For Catholic Church, Islamist victory scares Christians but expresses the will of the people
The Muslim Brotherhood and Salafists get 73 per cent of the seats in the lower house, which meets today for the first time since Mubarak’s fall. The session began this morning with a minute of silence for the martyrs of the Jasmine Revolution. The armed forces remain a problem.
Cairo (AsiaNews) – “The victory of Islamist parties scares Christians but expresses the will of the Egyptian people,” said Fr Rafik Greiche, spokesman for the Egyptian Catholic Church. He spoke to AsiaNews about the rise of the Muslim Brotherhood and Salafists, who together won about 60 per cent of the vote.
“During the election, they were guilty of some irregularities but nothing compared to the phoney elections of the Mubarak years,” the clergyman said. “In order not to lose support, Islamic parties have adopted a low profile in this initial phase. In the past few days, they said that Christians and religious minorities would have the same rights as Muslim citizens. It is therefore premature to made good or bad predictions.”
Egypt’s post-Mubarak parliament met this morning (11 am, local time) for the first time since the downfall of Hosni Mubarak with a minute of silence to remember the martyrs of the Jasmine Revolution. The first session continued into the afternoon.
The first order of the day was the election of a speaker to the lower house, expected to be Freedom of Justice Party’s Mohamed el-Katatni.
Over the next few days, MPs will pick 200 members to the Constituent Assembly to discuss the transfer of power from the Supreme Council of the Armed Forces (SCAF) to the new parliament.
Elections to the lower house held between November 2011 and January 2012 saw the victory of the Freedom and Justice Party (Muslim Brotherhood), which has become the country’s largest winning 45 per cent of the vote and 235 seats in the 498-member parliament.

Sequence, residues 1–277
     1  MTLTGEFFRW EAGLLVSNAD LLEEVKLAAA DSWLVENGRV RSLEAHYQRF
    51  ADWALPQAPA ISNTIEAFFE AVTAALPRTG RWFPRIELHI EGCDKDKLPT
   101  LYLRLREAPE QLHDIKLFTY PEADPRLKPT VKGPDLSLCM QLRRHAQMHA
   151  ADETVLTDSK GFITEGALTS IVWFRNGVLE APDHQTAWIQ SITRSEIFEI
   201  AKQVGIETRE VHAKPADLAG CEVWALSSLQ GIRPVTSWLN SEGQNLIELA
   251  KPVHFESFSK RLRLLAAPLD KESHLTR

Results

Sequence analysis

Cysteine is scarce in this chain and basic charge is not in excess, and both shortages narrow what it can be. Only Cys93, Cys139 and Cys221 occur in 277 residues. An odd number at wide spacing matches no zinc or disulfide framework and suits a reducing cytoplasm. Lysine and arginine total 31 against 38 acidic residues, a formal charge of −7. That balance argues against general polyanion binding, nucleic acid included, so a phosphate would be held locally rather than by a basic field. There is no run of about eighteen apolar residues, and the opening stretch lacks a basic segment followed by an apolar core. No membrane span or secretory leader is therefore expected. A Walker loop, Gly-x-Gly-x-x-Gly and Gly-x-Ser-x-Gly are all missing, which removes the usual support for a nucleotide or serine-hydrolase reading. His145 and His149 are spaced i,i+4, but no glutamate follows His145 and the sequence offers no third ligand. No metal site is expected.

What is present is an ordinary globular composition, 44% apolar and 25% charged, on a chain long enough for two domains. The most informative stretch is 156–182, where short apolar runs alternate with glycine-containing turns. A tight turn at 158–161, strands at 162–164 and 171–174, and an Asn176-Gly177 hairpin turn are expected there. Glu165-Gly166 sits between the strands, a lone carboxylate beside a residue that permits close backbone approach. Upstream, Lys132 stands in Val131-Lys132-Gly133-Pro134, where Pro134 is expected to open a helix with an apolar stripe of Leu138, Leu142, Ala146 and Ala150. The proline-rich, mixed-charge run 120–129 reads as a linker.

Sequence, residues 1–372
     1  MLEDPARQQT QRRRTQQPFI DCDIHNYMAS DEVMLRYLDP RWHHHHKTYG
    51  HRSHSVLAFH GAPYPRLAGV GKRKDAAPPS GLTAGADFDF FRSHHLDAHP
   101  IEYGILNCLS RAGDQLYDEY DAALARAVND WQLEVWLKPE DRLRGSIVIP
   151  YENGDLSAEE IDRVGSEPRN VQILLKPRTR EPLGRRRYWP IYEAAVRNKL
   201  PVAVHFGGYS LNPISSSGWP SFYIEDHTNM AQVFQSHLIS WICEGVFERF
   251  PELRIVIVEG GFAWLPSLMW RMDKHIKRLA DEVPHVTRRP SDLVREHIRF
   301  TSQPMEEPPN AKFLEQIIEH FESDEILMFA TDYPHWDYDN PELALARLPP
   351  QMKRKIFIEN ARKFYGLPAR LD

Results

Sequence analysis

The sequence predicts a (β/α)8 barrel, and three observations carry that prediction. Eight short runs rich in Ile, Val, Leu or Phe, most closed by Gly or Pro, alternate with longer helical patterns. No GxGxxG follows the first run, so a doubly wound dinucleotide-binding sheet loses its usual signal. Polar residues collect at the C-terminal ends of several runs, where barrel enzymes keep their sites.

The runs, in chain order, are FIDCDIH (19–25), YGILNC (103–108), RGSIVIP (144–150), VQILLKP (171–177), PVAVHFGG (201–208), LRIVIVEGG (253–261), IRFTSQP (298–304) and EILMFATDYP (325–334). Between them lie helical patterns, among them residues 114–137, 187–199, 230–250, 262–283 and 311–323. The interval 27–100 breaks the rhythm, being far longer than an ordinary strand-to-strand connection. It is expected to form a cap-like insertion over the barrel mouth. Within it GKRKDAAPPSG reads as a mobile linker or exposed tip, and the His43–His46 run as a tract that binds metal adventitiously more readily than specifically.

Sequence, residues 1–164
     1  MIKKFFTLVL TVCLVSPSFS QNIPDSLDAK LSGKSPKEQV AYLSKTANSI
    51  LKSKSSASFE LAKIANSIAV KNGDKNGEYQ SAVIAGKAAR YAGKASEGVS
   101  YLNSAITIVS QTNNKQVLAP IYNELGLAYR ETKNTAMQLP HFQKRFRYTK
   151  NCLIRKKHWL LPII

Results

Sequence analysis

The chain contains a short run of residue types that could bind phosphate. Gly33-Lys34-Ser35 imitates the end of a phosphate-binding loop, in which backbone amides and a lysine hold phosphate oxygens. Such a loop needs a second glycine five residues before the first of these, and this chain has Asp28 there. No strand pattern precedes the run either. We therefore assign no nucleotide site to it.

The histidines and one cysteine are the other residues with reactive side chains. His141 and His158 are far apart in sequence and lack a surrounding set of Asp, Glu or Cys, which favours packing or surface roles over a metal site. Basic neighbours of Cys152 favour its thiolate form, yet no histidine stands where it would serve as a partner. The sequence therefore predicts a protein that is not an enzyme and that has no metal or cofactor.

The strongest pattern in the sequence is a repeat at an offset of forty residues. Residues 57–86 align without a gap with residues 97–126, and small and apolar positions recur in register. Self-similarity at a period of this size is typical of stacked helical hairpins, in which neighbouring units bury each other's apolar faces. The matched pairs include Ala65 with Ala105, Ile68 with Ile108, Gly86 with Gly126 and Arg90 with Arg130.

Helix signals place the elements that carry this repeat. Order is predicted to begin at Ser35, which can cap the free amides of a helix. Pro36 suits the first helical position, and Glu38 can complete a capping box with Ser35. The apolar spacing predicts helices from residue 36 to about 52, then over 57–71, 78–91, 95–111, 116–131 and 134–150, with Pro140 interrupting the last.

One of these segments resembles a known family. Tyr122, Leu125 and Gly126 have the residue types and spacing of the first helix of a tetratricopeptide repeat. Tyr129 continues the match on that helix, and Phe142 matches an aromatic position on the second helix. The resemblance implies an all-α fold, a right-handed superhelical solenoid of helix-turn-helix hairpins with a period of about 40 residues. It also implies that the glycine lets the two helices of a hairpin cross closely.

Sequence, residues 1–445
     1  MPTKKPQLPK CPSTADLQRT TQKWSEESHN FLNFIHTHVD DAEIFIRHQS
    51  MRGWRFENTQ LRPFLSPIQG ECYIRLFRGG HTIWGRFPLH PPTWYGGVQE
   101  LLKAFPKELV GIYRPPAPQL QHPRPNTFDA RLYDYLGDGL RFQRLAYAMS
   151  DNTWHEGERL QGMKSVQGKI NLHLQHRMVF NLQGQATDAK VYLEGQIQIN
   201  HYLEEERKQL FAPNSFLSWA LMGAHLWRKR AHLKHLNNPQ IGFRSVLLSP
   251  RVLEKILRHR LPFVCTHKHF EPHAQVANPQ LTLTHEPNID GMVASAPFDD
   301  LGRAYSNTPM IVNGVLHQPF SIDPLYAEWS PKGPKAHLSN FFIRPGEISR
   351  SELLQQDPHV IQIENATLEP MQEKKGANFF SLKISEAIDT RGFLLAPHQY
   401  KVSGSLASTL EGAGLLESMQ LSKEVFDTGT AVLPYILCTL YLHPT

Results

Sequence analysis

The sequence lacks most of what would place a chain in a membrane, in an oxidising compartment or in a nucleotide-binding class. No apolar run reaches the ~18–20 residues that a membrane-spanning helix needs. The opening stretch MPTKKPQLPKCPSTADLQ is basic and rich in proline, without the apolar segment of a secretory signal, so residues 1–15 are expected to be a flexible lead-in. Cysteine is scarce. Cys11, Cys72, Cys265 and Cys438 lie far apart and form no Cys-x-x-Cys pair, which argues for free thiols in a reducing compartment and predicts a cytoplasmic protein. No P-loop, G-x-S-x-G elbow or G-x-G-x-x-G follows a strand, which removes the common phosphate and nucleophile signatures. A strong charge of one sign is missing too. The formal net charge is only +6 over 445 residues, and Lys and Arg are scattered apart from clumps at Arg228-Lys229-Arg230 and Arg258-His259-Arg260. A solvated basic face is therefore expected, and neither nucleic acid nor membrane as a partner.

Al-Nour, a party linked to Salafist Islamic extremists, won about 20 per cent of the vote, and 123 seats.
The main secularist parties born after the revolution, the Wafd the Egyptian Bloc, won 38 and 34 seats respectively.
Moderate parties in parliament will have to monitor closely the actions of the majority and remain united to counter their most extremist wings.
“The first issue will be drafting the new constitution on which Egypt’s democratic future depends,” Fr Greiche said.
Currently, all the power is in military hands. “In this phase of transition, the military retains a veto power on changes parliament makes to the laws. They will exert their influence on the new constitution. However, we must wait for next June’s presidential elections to get a clearer picture. On that day, the armed forces will leave politics entirely.”
Many now fear new protests for the first anniversary of the Jasmine Revolution this Wednesday, 25 January.
Marshal Mohamed Hussein Tantawi reiterated zero tolerance for violent protests. He also made allegations about foreign plots against the country.
As evidence of its goodwill, the SCAF ordered the release of 1,959 people arrested during last year’s protests. (S.C.)
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